Technology advances at an amazing pace. Over the last 50 years, we saw amazing developments that enable economies to expand in a tremendous way. Automation in manufacturing, as an example, has allowed us to make more products with less people.
In the United States, we see record level of manufacturing production yet it is be done with 1.5 million less people than was required 25 years ago.
This shows how much of an improvement is realized in efficiency.
Yet in spite of advancements in areas such as this, the 5 day workweek is still standard. People are working 40 hours a week, many accumulating more time than that.
Why is this the case?
There are many, most of which fall outside the scope of this article. However, there are some that are valuable to cover.
We are conditioned to believe that working hard is a virtue. Those who fail to do so are looked at as lazy, slothful, and even sinners in some circles.
The problem with this is that it is a belief system. We have tied out value as humans to what we do for a living. Thus, we link our self worth to the amount of success we have in our careers. To many, this is sadly the most important thing in their lives.
Globally, the United States, despite being one of the most advanced economies, is one of the worst countries. People work more hours than most anywhere else in the world. This leads to a host of physical and mental problems.
Is it any wonder the U.S. is one of the leading countries in terms of mental illness, drug and alcohol addition, and obesity.
The United States economy is 70% due to the consumer. We live in a society where consumerism is almost a religion.
People are bombarded with advertisements, emails, texts, and other forms of marketing that make them want to buy. We see advanced psychological tactics that trigger people to spend money.
Much of this is done via debt. Homes, automobiles, and assorted other products are purchased with credit. This means people have to keep bringing in money to keep servicing the increasing debt loads.
Sadly, most cannot cut back their spending. They are so conditioned to spending that anything else is foreign to them.
This is also tied to a sense of entitlement.
"After all, I work hard so I deserve __________."
All advantages lie with the corporations. We now operate in a corporatocracy whereby the overwhelming majority of our incomes are spent with mega-corporations. These companies are also now making up a great deal of the employment. Since workers have fewer options, they are pressed to give more.
Coupled with the previously mentioned debt load, the reality is people cannot afford to lose their jobs. Companies know this. Nothing makes a corporate manager happy than an underling who goes out and finances a new car. This means that the person is basically imprisoning him or herself.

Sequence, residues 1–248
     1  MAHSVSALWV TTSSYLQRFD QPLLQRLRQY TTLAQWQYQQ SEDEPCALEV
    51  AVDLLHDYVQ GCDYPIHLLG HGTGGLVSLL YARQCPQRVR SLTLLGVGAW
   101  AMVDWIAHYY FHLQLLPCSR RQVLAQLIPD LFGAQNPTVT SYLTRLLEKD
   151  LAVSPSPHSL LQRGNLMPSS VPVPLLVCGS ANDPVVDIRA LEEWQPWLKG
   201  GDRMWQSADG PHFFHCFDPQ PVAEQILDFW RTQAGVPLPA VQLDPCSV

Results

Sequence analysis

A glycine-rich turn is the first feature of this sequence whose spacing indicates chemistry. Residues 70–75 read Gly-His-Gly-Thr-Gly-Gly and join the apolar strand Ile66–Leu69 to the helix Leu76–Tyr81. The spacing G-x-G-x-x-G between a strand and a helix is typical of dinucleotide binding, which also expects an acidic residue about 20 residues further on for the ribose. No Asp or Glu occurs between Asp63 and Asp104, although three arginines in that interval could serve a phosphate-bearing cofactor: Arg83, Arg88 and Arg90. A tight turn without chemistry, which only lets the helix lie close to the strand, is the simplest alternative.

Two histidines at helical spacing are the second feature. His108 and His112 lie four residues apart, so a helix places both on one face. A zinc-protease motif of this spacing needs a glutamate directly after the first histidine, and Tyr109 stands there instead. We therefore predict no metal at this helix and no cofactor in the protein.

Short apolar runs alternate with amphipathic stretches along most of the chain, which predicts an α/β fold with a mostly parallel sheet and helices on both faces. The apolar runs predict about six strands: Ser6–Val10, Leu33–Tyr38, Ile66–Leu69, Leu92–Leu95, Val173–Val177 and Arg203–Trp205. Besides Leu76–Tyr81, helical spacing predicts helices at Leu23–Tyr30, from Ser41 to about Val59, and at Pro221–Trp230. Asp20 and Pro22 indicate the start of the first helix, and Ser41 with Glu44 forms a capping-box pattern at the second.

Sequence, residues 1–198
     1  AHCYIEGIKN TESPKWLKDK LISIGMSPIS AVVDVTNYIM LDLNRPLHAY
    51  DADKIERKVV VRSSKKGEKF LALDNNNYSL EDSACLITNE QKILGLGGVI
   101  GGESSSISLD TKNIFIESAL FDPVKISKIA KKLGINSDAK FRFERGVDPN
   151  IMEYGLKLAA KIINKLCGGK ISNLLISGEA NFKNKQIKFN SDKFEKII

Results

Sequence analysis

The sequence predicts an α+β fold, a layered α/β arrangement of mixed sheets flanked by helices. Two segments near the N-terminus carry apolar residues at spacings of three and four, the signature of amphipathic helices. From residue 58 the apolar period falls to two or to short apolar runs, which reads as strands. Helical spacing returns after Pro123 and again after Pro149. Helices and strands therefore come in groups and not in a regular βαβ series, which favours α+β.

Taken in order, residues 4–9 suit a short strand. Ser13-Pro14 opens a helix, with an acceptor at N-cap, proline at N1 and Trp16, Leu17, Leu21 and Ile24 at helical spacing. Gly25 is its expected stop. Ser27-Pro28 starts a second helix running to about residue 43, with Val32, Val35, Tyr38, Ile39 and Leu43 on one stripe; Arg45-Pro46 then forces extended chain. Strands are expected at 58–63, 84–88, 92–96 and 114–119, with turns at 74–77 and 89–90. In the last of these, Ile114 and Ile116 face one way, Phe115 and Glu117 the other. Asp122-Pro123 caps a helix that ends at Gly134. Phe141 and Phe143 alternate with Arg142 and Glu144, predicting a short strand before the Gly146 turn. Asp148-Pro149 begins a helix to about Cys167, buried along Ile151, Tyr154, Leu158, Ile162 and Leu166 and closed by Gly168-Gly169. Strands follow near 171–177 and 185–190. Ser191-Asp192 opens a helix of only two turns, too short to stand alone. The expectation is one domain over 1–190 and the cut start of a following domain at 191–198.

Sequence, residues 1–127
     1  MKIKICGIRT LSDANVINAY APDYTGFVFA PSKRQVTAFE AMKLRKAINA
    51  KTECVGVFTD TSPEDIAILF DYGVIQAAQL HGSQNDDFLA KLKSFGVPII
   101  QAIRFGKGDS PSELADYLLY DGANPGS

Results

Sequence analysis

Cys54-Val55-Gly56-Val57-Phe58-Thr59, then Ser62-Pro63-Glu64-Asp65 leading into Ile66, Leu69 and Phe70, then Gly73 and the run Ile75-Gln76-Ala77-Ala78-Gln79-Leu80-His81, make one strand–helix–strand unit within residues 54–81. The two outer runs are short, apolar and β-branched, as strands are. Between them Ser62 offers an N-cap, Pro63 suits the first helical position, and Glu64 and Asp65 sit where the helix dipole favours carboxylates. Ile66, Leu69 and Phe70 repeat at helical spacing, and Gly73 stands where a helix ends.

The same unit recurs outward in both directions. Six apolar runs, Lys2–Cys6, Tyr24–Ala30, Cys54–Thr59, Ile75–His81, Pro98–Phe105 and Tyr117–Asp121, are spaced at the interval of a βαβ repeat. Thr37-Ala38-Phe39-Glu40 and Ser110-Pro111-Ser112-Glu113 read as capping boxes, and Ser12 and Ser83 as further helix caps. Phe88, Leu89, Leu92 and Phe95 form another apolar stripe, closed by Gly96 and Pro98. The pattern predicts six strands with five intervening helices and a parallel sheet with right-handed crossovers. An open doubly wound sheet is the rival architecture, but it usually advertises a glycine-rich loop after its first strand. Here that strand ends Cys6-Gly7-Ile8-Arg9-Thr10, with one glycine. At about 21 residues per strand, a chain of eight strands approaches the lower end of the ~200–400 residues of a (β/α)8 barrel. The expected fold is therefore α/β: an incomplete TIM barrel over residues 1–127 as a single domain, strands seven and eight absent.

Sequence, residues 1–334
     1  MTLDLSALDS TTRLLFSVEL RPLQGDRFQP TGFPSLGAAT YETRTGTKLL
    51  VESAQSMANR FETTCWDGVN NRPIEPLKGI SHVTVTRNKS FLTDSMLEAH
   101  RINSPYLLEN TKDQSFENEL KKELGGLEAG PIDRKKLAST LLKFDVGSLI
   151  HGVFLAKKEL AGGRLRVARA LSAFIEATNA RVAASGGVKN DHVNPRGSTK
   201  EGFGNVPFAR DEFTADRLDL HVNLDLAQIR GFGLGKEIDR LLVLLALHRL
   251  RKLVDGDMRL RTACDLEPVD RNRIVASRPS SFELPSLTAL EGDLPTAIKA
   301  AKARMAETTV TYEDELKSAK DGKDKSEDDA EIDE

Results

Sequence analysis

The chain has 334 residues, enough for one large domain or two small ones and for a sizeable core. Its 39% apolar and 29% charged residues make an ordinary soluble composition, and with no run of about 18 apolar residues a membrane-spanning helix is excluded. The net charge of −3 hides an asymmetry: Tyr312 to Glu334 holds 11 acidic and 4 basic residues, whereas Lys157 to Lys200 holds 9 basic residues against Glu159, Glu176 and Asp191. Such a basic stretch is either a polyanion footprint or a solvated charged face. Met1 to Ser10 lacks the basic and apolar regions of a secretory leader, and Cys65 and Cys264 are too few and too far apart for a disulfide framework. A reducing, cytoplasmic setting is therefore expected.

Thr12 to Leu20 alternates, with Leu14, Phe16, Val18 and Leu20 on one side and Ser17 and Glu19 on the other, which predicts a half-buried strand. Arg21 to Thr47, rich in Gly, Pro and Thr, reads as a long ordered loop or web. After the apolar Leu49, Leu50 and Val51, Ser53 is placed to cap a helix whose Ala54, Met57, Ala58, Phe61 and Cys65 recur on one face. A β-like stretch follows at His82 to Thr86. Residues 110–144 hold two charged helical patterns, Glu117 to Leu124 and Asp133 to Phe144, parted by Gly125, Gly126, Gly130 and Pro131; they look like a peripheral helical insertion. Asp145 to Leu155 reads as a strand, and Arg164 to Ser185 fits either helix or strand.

When people cannot afford to lose a job, they will agree to most anything. For many, this is working insane hours simply to stay employed.
Sadly, this ends up consuming the lives of many. In addition to health, families, relationships, and personal sanity often go by the wayside.
It is hard seeing society accepting a 4 day workweek. The psychological conditioning against it is too strong. Plus, there is an economic incentive to keep things going at the pace they are.
We live in economies that are driven by companies that are looking for perpetual growth. Public companies operate on 90 day cycles and what really matters is year over year growth. CEOs that fail to achieve this are replaced.
Quality of life is not something most advanced countries discuss. Instead, the only focus is on production, as much and as fast as possible. The negative impacts are ignored.
Of course, the media and Hollywood feeds into this. We glorify those who are financially successful. It is as esteem as a virtue, also ignoring the reality of the lives of many who are in that position.
Is it any wonder they call it the "rat race"? We are so in tune with the striving for massive success, it is all we focus upon. Debt ensures that we remain complicit in this, ensuring the "engine of production" remains in tact.
The sad reality, for all the effort put forth, the growth rate of the global economy the last decade plus is rather poor. We now are in an era where 3% growth is considered good. This is ridiculous considering the amount of time people work coupled with the advancements in technology.
Yet that is exactly where we are.
So will we ever see the acceptance of a 4 day workweek?
With automation in the form of AI and robotics moving ahead, it looks like a certain percentage will go to zero without a choice. This will mean that those are left in the workforce will be pushed to maintain the pace established by the corporate executives.
It seems we are going to remain on the same merry-go-round.
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